So, what’s new? Galactic Civilizations II: Dark Avatar adds a good number of things to the existing game, beyond the typical new campaign or race that is present in many expansion packs (although both are added here). I usually don’t focus on the single player campaigns, but Galactic Civilizations II: Dark Avatar does offer up a new campaign for your enjoyment if you’re into more structured gameplay. I enjoy more open-ended skirmish matches, and the enhancements made here are appealing. First, your AI opponents are better. You can enable the AI to use more advanced strategies, which makes use of a dual-core processor. Finally it’s used properly! The AI is really good, and it’s probably the best of any strategy game. The fact that Galactic Civilizations II: Dark Avatar does not have multiplayer doesn’t matter, because the AI players are probably better than you anyway. You can also design custom opponents and add them to the slew of existing (and two new) races. Each race also has a “super ability,” that will grant them a bonus in a certain area. This is meant to make each race more distinctive. For example, the Terrans are good at diplomacy and the Thalan produce units faster. Each of these advantages has a drawback, however. The super abilities are a nice addition, although it tends to make each race’s strategy a bit more predictable.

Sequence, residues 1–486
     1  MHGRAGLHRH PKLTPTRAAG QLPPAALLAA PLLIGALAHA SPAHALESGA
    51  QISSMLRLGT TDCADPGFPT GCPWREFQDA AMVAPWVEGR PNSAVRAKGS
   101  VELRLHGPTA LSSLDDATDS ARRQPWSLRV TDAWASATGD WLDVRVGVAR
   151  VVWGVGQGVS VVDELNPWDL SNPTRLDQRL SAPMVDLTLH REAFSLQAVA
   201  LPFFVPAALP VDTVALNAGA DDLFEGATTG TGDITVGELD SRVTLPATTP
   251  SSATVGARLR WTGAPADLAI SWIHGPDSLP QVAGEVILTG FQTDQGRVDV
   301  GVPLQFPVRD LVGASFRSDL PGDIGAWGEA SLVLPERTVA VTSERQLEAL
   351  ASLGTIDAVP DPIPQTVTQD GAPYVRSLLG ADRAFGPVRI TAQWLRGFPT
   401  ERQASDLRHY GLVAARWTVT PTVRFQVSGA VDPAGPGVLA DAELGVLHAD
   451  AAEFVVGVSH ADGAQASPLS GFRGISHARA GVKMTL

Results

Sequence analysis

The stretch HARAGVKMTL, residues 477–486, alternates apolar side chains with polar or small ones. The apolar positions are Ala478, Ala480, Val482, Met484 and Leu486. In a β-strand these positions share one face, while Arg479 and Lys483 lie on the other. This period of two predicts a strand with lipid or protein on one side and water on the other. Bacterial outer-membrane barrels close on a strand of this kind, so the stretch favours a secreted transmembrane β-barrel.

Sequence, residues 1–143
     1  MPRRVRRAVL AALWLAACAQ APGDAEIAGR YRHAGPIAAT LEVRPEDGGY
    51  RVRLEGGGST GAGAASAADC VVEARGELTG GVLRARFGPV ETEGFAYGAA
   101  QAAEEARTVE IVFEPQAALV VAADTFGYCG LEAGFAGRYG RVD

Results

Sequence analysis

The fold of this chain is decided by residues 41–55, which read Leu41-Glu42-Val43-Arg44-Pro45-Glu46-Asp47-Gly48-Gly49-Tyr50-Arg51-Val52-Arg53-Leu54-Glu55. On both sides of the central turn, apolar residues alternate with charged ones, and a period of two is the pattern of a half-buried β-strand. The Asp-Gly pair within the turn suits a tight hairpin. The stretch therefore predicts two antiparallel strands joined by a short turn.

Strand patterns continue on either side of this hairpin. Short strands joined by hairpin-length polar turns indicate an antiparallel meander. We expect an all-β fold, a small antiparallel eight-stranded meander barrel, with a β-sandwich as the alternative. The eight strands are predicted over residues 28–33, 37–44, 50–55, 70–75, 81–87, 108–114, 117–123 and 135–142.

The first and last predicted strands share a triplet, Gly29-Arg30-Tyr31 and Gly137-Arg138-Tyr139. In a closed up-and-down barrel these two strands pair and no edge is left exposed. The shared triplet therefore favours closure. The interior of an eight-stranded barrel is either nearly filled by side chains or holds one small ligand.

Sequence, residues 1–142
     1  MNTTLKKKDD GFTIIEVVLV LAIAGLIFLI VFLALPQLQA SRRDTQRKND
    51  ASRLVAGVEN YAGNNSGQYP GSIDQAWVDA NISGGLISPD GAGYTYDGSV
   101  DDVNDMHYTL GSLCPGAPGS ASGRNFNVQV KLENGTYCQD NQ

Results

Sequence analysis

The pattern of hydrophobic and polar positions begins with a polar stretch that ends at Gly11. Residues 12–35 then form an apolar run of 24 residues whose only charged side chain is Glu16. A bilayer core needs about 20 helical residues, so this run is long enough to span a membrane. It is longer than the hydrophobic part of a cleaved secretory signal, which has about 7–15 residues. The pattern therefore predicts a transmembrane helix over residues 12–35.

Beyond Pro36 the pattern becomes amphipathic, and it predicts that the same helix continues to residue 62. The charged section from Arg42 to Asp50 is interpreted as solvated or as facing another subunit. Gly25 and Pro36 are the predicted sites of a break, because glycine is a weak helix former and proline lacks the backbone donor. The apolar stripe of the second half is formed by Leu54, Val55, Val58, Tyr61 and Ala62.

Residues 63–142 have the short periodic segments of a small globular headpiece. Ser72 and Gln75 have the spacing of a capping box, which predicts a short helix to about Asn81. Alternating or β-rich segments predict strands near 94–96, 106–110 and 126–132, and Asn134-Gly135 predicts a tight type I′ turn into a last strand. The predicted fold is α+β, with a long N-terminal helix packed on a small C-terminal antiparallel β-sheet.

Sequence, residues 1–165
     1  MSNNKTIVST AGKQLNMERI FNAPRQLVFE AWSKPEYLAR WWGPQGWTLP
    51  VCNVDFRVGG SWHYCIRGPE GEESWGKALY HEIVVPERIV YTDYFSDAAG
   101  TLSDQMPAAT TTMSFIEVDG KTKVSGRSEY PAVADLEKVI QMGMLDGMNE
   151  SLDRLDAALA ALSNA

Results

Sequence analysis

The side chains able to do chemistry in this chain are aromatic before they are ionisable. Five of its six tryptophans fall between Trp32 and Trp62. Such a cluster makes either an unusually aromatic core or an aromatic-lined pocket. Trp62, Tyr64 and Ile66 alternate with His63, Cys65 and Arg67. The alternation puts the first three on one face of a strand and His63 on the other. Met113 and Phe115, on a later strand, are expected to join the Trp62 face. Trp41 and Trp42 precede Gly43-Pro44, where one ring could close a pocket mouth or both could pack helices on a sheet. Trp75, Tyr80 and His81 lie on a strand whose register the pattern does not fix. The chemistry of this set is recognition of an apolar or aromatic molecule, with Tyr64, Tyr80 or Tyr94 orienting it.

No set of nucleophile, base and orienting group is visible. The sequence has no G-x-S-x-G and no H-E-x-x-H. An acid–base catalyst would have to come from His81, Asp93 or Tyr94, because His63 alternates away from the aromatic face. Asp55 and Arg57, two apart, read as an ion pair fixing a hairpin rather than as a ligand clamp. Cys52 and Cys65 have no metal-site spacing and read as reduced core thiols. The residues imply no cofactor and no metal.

Galactic Civilizations II: Dark Avatar has “borrowed” inhospitable planets from Space Empires V: half of the planets require a specific technology (which your race might possess at the beginning of the game) to colonize them. The effect of this new rule is an increase in multi-race systems, as somebody usually has the technology for all of the planets in the game. Because you are even more limited on your choice of colonizable planets, you’ll want to set the probability of good planets higher now. Except on hugh maps, researching the colonization techs is a waste of time, as you’ll be far behind in the other tech areas and someone will probably colonize the planet before you’re finished anyway. Speaking of technologies, the tech tree has been streamlined: a lot of repetitive techs (Laser 1, Laser 2) have been combined to make the tree smaller and more manageable.